The Murray-Sunset National Park and its Pink Salt Lakes

A long time ago, the area that encompasses today's Murray-Sunset National Park was covered by the sea.
As the planet dried out under the influence of an Ice Age, the sea retreated but large areas of salt water remained trapped within a layer of porous sand.

Then millions of tons of sand were stirred up by the wind and dumped across the Mallee to build a vast field of sand dunes.
The underground water escaped into deep depressions between the dunes and over thousands of years, the water has evaporated under the hot, Mallee sun creating these lakes of pure salt.

Each winter the underground water rises and seeps out at the edge of the lakes covering them with more salt water.
The underground water which seeps into the lakes is 800 times more salty than sea water.
As summer begins, the water evaporates leaving salt crystals on the surface.

The salt from Pink Lakes has been tested as 99% pure.
This quality led to commercial salt harvesting from 1916 till 1979.

This one inch layer of fresh pure salt was mined between November and April - the hottest part of the year.
As much as 500 tons of salt could be scooped from the lakes in a day and during peak production from Lakes Crosbie, Becking and Kenyon a harvest could yield 10'000 tons... at 10mgs per day, that's enough salt for nearly 3 million people for a year!

Salt has been used extensively for hundreds of years by householders, farmers and industry.
Before refrigeration, salt was used to preserve meat and is still used today for pickling.
Stock licks were manufactured for cattle and sheep.
Salt is used in the manufacture of pesticides, fungicides and weedkillers and in the production of drugs and plastics.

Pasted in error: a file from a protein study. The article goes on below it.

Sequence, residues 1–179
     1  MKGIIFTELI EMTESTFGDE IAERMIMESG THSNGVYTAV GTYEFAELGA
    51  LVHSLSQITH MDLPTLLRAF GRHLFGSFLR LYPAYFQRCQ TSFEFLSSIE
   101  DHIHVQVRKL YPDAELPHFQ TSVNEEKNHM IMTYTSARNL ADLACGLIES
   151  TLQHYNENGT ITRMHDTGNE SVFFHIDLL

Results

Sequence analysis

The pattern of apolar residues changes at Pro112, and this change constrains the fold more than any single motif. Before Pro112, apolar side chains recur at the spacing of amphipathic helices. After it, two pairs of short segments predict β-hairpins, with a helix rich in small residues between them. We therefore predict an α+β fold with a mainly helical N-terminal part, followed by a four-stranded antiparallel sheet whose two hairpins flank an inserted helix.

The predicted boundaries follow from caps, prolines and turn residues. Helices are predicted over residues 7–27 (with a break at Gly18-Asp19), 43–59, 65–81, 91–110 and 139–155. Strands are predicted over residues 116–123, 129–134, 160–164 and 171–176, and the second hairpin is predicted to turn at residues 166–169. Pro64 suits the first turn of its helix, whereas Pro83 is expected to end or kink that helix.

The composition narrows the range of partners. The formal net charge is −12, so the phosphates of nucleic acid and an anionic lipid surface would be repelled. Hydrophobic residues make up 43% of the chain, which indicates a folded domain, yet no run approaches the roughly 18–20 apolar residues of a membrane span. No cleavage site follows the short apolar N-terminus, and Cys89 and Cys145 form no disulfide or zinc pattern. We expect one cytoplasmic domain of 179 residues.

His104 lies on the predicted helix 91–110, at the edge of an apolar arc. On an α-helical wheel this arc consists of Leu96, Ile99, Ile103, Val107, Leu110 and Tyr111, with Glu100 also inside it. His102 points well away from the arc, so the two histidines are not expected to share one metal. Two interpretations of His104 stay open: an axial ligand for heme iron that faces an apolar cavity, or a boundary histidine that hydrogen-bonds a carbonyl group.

Salt yields very pure caustic soda for soap products, chlorine and hydrochloric acid used in the metal and food industries.

The thirstiest job in the world
Imagine the constant taste of salt on your tongue ... and salt sticking to he sweat on your skin.
Imagine the glare blinding your eyes and holes in your boots where salt has worn them down.
Salt harvesting began at Pink Lakes in 1916 and was backbreaking work in temperatures of over 40 degrees.
The work was done by hand.
Workers shovelled the salt into wheelbarrows and carted it across planks to the shore.

Dry salt was broken up with picks and loaded into sacks.
The intensity of the Mallee sun left many itinerant workers from the city, sick with the heat.
But local farmers who took advantage of the seasonal work seemed to fare better.
Neville Kline described his father Jim ...
"He was as black as a dog's gut but never got the melanoma - probably because he had an inch of leather for skin.
He was strong too.
Salt is heavy stuff and goes hard when it's damp.
They had to blow the stockpiles up with gelignite and crush it to get it into bags."

Over the years, scarifiers and horse-drawn scrapers were used to scrape the salt surface and were pulled by horses.
Salt is very abrasive and a set of horse shoes would last only 7 - 8 days.
Later, tractors and conveyors made some improvement to conditions but salt harvesting would always be a tough job.

Beasts of Burden
Horses played an important role in salt harvesting for many years dragging back-scrapers across the rakes and providing transportation for the workers.
Both horse and bullock teams pulled wagons heavily loaded with bagged salt to the Linga and Underbool Railway sidings ... a two day journey.
Camel teams were introduced in 1922 and remained the fastest and most reliable transport until 1935, taking only a day from Lake Crosbie to the railway.

A tram line from Lake Becking to Linga was constructed in the 1920's but was plagued with difficulties.
The tram's engine caught fire on the first trip when salt bush blew onto the track and ignited.
The track was frequently buried under drifting sands and the engine had to be hauled over high ridges.
The line was abandoned within two years.
By the 1940's machines had replaced the horses and trucks became the most efficient means of carting the salt.

"I can still hear the tingle of bells on the camels in my ears ....
The idea was when turned loose on the reserves to water and feed and rest they often wandered away.
One could hear the tingle and that would guide the driver to where the camels were.
I think they used to make two trips to Linga station in three days.
A strong camel could carry four bags of salt roped to a pad on the animal's back and a weak or pregnant camel, two bags, and salt in bags weighed 12 bags to the ton.
Quite a sizeable load when a camel train could consist of from 12 to 20 beasts."